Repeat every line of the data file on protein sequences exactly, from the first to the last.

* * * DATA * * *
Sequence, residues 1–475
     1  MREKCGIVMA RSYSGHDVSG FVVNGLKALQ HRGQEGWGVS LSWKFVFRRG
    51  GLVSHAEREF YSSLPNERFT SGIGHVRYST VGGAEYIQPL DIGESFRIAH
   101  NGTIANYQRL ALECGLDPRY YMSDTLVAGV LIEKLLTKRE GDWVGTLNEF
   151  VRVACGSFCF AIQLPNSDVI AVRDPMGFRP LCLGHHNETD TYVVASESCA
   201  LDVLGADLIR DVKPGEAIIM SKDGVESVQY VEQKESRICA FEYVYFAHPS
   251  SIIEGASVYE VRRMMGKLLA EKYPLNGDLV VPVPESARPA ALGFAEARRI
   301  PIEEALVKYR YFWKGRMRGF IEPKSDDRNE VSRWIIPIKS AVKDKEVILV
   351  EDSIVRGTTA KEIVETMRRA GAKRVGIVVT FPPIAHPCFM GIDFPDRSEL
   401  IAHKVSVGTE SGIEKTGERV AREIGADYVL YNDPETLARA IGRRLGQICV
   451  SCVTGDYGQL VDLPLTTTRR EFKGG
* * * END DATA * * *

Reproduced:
Sequence, residues 1–475
     1  MREKCGIVMA RSYSGHDVSG FVVNGLKALQ HRGQEGWGVS LSWKFVFRRG
    51  GLVSHAEREF YSSLPNERFT SGIGHVRYST VGGAEYIQPL DIGESFRIAH
   101  NGTIANYQRL ALECGLDPRY YMSDTLVAGV LIEKLLTKRE GDWVGTLNEF
   151  VRVACGSFCF AIQLPNSDVI AVRDPMGFRP LCLGHHNETD TYVVASESCA
   201  LDVLGADLIR DVKPGEAIIM SKDGVESVQY VEQKESRICA FEYVYFAHPS
   251  SIIEGASVYE VRRMMGKLLA EKYPLNGDLV VPVPESARPA ALGFAEARRI
   301  PIEEALVKYR YFWKGRMRGF IEPKSDDRNE VSRWIIPIKS AVKDKEVILV
   351  EDSIVRGTTA KEIVETMRRA GAKRVGIVVT FPPIAHPCFM GIDFPDRSEL
   401  IAHKVSVGTE SGIEKTGERV AREIGADYVL YNDPETLARA IGRRLGQICV
   451  SCVTGDYGQL VDLPLTTTRR EFKGG